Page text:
Posted on Jul. 8, 2020 by Lisa Blackburn
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With the reopening of the Botanical Gardens following a three-month COVID-19 closure, visitors have been eagerly returning to The Huntington ...

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Jun. 5, 2013 by Aaron Campbell
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Visitors who’ve roamed The Huntington might have noticed a bronze plaque near the pool at the south end of the Jungle Garden dedicated to William Hertrich, Henry Huntington’s first superintendent...
May. 31, 2013 by Thea Page
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The love affair between The Huntington and the paintings of Thomas Gainsborough is nearly 100 years old. Since Henry E. Huntington began collecting Gainsborough's work in 1911, the institution has presented...
May. 29, 2013 by Lilit Sadoyan
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Hands reveal what we think, but might not say. They express what words cannot, exposing so much about a person A subject matter of great familiarity, the drawings on view in
May. 24, 2013 by Matt Stevens
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Monday will be your last chance to see the Library’s most prized books and manuscripts for a while. Back in June 2012, many of The Huntington’s treasures went on temporary display in the Scott Galleries...
May. 21, 2013 by Jennifer A.
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This past Sunday, the Los Angeles Times published an article devoted...
May. 16, 2013 by Shelley Kresan
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Another post in a series from the cataloger of the Anne M. Cranston cookbook collection which consists of approximately 4400 British and American cookbooks from the 19th and 20th centuries. In this series...
May. 9, 2013 by Matt Stevens
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The second annual LitFest Pasadena takes place this Saturday May 11 at Pasadena’s Central Park. From 10 a.m. to 5 p.m. you can catch readings...
May. 3, 2013 by Jennifer Goldman
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Deciding what goes into a library exhibition is far more difficult than you might expect. After months of research in books and archival collections, you’re expected to concentrate all of that knowledge...
May. 1, 2013 by DInah LeHoven
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It’s just one shot, really. It might not even be in the final show. But creating that one shot took permission from the highest levels of The Huntington art division and several hours of direct supervision...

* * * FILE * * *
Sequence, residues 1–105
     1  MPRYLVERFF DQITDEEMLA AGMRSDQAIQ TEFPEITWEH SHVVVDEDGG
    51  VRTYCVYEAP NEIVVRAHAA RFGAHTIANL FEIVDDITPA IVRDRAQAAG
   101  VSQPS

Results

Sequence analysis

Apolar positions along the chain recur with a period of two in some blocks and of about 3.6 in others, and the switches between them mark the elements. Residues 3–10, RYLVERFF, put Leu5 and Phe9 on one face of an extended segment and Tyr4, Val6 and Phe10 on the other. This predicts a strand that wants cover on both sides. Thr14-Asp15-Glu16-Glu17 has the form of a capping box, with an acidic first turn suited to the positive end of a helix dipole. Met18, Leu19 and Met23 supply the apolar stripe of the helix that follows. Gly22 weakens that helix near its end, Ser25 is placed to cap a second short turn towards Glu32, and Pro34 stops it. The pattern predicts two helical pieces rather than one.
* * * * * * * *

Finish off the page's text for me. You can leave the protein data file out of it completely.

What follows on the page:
Apr. 26, 2013 by Jennifer Goldman
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I came across quite a few interesting pieces when I was researching my current exhibition, “Cultivating...
Apr. 23, 2013 by Matt Stevens
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Earlier this month, Adria L. Imada won the annual Lawrence W. Levine Award from the Organization of American Historians for the best book in American...
Apr. 18, 2013 by Suzanne Oatey
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Today, we’re accustomed to female soldiers, but in 1886, it must have been quite a surprise to see this female Indian scout, rifle in hand, riding along with U.S. soldiers (at left). The U.S.-issued...
Apr. 12, 2013 by Peggy Park
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The Huntington lost a good friend and supporter recently when Carol Pearson passed away in her sleep on March 7, 2013 Carol first came to The Huntington in 1958 to work for the publications department...
Apr. 9, 2013 by Catherine Wehrey
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This is one of the most common questions asked of the Library staff. The Gutenberg Bible, the Ellesmere Chaucer, and first editions of Shakespeare’s plays come to mind when considering famous older...
Apr. 5, 2013 by Matt Stevens
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When David Igler first pondered writing a book about the Pacific Ocean, he admits he felt a little bit out to sea. “I was hoping to bring the Pacific into the framework of how we think about the early...